“When he did turn his attention to the ladies, he showed no preference for blondes, brunettes or redheads. He had a warm, wry, unpretentious way of making children feel older and the elderly feel younger; he made all women feel beautiful and all men feel—if not his equal in all ways—at least worthy of his friendship and the love of a woman the King didn’t mind losing. No man ever looked upon Elvis with jealousy.” For Tim Lucas, Elvis movies—all of them, not just the handful of critically respectable joints—chart a Cambellian hero’s journey put over by the something-like-universal charm of the lead. Fun in Acapulco is celebrated by Lucas as the real deal, but even the ill-starred Clambake has its charms for his eyes (less, he admits of the notoriously bad soundtrack, for his ears).
“Like jazz, film noir could be hot or cool, and often it managed to be both at once. The complex formula evolved over time. In the forties, the hard-boiled style valorized masculine reserve—Bogart’s dry, parrying skepticism; the haunted stoicism of Dana Andrews; the nonchalant underplaying of rough-hewn men like Mitchum and Sterling Hayden, who suspected acting was phony and effeminate. These defenses walled off psychological horrors that erupted in surreal nightmares or surging melodramas. In the later fifties, darkly romantic dreamscapes gave way to fractured portraits of a dehumanized, explosively violent world (Touch of Evil, Blast of Silence). Instead of a lacquered surface that hides corrosive anxiety or aching loss, there is a frenetic burlesque of action concealing a freeze-dried hollowness.” Attempting to define the iconic tough guy performance in noir, Imogen Sara Smith considers turns by Lancaster and Widmark that embody the poles she identifies, then hones in on one that merges icy distance and expressionist fury: Ralph Meeker, natch, in Kiss Me Deadly.
“Most film historians will tell you that there are two definitive early gangster films: Underworld, directed in 1927 by Josef Von Sternberg, and Howard Hawks’ insurmountable 1932 Scarface. Both are set in Chicago, as were almost all early American gangster movies—Little Caesar, The Public Enemy, the whole lot. The gritty city stuck in the imagination of ’30s Hollywood much in the same way as Paris and Vienna did, less a real-world setting than a genre in and of itself. Films about criminal gangs go back to the early 1900s, but they depict their bad guys mostly as ragged, unshaven goons in flat caps. The seductive criminals of the silent era are swindlers and masterminds. The idea that coarse, murderous thugs could be flamboyant, magnetic, and sexy—that comes from the Chicago of Al Capone and John Dillinger.” In a marvelous, whirling appreciation for all things that made Chicago synonymous with crime—a history filled with the likes of Ben Hecht, Kokomo Arnold, Iceberg Slim, Nelson Algren, and the anonymous early planners who bestowed the city with so many wide alleys ready-made for short cuts and dead-end passages—Ignatiy Vishnevetsky of course takes note of the cinematic legacy.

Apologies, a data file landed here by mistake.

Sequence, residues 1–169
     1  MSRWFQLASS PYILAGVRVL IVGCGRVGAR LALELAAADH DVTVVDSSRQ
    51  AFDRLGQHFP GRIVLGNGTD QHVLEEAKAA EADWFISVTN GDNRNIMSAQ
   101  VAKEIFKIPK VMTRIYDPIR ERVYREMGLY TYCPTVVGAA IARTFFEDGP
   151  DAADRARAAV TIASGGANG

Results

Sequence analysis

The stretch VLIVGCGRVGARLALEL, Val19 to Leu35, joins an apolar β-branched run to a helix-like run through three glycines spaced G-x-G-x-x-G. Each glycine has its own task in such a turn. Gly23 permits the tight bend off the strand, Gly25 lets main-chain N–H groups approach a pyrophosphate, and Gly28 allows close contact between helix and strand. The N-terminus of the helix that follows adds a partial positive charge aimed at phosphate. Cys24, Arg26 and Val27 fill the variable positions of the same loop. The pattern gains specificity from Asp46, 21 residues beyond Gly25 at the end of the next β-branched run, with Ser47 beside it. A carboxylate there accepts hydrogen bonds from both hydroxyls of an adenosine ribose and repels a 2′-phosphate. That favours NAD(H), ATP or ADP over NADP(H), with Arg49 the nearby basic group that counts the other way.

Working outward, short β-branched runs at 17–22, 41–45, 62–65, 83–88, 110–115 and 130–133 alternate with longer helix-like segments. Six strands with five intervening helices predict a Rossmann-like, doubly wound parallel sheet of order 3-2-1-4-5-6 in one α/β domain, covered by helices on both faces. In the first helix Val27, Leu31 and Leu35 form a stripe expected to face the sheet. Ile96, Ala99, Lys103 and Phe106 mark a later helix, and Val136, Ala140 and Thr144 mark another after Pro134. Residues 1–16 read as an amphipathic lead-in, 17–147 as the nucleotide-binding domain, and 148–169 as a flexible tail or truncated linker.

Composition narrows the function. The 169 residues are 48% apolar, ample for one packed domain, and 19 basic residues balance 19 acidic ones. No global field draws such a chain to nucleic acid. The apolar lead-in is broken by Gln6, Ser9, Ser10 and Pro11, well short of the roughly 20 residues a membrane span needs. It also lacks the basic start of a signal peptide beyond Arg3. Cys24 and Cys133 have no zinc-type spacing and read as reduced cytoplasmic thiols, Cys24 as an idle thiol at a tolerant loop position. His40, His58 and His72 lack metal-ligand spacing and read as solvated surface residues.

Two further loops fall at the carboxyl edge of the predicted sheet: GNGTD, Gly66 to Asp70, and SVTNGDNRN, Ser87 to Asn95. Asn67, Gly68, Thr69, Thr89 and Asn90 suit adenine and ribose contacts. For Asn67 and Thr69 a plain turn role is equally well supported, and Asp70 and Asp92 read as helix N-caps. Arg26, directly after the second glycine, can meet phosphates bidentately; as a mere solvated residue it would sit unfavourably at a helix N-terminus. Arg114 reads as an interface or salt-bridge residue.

“The paradox of intimate confession and aesthetic refinement, of theoretical abstraction and first-person emotion, is the very blend that makes Bergman one of the exemplary modern directors—and one of the exemplary objects of parody. There’s nothing as latently, unintentionally comical as affirming simplicity by way of complexity, as maintaining a tone of high seriousness amid the stuff of ordinary life. If regular old Hollywood melodrama, rendering bourgeois passions operatic, provokes chuckles even among its devotees, Bergman’s infusion of middle-class anguish with metaphysical heights and existential depths risks unleashing a laugh riot.” The very intensity that makes Bergman seem on the edge of self-parodic farce for some is the secret of both his greatness and his singular celebrity, to Richard Brody’s way of thinking.
“Vitti is authentic and almost unreadable at times, like the best and worst of us and like the film world she helped Antonioni create. Her face effortlessly shifts from playful instants of childish joy in games and goofing around to sudden distrust in everything around her; in her signature move, Vitti transforms her expression from delighted to disturbed in less than a heartbeat, almost comically quickly. In high fashion, elegant Italian costumes, she always appears to have evolved and disguised herself flawlessly to convince others she is a part of their world, but her sham reveals itself as often as we fear our own shams will. Vitti embodies Simone de Beauvoir’s “second sex,” always portrayed as “other” even among her fellow females—she is an alien force, ideal for carrying the narratives of alienated characters.” Sasha Kohan writes on how crucial Monica Vitti was to the films of Antonioni. His films of the ‘60s, at any rate; perpetually overlooked The Mystery of Oberwald receives only the slightest of passing allusions.